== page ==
Chapter 2: Differences between flex and flexc++

Although flexc++ tries to be as compatible as possible with flex(1), there are some noteworthy differences. This chapter provides a quick overview for the users already familiar with flex.

2.1: Format of the input file

In flex(1) initializating code can be provided in the definition section (see section 3.1), and pre-match code can be provided as the first lines in the rules section.

Flexc++ does not support code blocks. Since flexc++ generates a class with appropriate header files, initialization code can be activated bij flexc++'s constructor, code to be executed when lex is called can be placed in the member lex's body, just before calling lex__, and Scanner::preCode can be provided with any required pre-match code. See also generated files 2.3 below.

Flexc++ also does not support a trailing `user code' section, where additional code can be placed to be copied verbatim to the source file. Again, the Scanner class approach offers preferable means for adding user code to the scanner.

Sections 2.1.1, 2.1.2 and 2.1.3 cover items which are no longer supported in flexc++, offering alternatives.

2.1.1: Definition section

2.1.2: Rules section

2.1.3: User code section

2.2: Patterns

Not all patterns supported by flex(1) are supported by flexc++. Notably, flexc++ does not yet support certain flags in regular expressions, like the flag to define case-insensitive regular expressions, or the flag allowing white space in regular expressions.

Another minor difference is that named patterns, defined in the definion section, cannot be used if they contain the lookahead operator (`/'). This is the result of the way name expansions are handled by flexc++. Flexc++ handles name expansions as a parenthesized regular expression (a group). Since groups may occur any number of times in a regular expression but a lookahead operator only once, the look-ahead operator is not accepted in a named pattern.

2.3: Generated files

While flex(1) only generates a file, flexc++ generates several files: several header files and a source file. By default flexc++ generates a class header file (Scanner.h), and internal header file (Scanner.hh), a base class header file (Scannerbase.h), and the file containing the implementation of the required members of the class Scanner. Scannerbase.h and should not be edited: they are overwritten whenever flexc++ is invoked. The other files (Scanner.h and Scanner.hh) are generated only once, and can thereafter be modified by the user (e.g., to add members to the Scanner class).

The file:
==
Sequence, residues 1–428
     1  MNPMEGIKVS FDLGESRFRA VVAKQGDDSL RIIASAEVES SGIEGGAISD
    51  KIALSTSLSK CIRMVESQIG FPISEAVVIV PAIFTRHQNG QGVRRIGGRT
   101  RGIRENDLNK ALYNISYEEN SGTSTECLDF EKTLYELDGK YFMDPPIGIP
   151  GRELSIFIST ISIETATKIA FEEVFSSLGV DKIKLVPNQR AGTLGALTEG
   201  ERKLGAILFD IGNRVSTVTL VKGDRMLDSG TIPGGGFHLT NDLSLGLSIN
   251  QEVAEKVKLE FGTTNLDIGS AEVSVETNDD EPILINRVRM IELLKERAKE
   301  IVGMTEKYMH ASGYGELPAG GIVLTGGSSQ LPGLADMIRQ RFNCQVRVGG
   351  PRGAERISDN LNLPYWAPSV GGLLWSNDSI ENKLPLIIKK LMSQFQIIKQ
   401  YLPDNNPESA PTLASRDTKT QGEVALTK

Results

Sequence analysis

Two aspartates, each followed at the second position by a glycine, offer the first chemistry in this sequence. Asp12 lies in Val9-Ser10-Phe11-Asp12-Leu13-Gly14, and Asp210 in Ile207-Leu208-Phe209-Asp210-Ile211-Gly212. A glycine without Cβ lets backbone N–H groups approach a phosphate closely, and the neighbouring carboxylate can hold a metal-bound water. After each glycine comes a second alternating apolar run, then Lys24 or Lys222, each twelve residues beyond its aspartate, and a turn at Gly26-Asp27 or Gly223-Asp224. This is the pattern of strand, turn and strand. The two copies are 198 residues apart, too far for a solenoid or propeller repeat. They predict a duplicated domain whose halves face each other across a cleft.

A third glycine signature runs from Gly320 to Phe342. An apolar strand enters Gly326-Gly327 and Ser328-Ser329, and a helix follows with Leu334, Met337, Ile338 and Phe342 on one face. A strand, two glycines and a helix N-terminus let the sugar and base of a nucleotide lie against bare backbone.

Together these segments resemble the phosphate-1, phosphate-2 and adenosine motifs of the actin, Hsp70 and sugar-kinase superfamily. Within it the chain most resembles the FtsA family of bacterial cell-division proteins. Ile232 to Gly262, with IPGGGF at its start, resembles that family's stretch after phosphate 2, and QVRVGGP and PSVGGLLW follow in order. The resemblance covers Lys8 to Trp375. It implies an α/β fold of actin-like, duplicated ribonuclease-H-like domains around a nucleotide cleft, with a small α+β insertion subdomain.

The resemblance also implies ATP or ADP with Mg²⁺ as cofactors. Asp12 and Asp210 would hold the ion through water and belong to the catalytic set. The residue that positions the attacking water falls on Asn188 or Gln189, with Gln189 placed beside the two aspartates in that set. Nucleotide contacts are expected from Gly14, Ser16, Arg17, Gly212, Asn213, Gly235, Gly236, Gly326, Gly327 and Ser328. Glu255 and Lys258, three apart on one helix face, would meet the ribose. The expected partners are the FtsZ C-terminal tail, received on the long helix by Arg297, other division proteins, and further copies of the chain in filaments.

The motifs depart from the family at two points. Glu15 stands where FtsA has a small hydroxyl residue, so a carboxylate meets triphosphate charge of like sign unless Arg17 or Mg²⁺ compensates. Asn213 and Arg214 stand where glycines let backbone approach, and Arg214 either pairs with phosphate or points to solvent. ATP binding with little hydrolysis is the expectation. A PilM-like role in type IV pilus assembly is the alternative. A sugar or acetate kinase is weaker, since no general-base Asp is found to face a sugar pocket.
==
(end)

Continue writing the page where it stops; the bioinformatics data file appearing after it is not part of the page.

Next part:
2.4: Comment

Flexc++ supports traditional C and C++ style end-of-line comment. Flexc++ handles comment more flexible than flex. Cf. section 3.3 for details.

2.5: Members and macros

As C++ supports namespaces, the yy-prefix is no longer needed. In addition, as flexc++ generates a scanner class, member functions rather than macros can (should) be used. See the conversion table below.

flex flexc++ flexc++ alternative
yylex() lex()
YYText() matched()
YYLeng() length()
ECHO echo()
yymore() more()
yyless() redo() accept()
BEGIN startcondition begin(StartCondition__::startcondition)
YY_AT_BOL n.a.
yy_set_bol(at_bol) n.a.

The member functions in the flexc++ column above are either members of Scanner or of its base class. Flexc++ does not use macros. All member functions can be used from within actions or by other member functions.

2.6: Multiple input streams

Multiple input files can easily be handled by flexc++. See section 4.1 for details.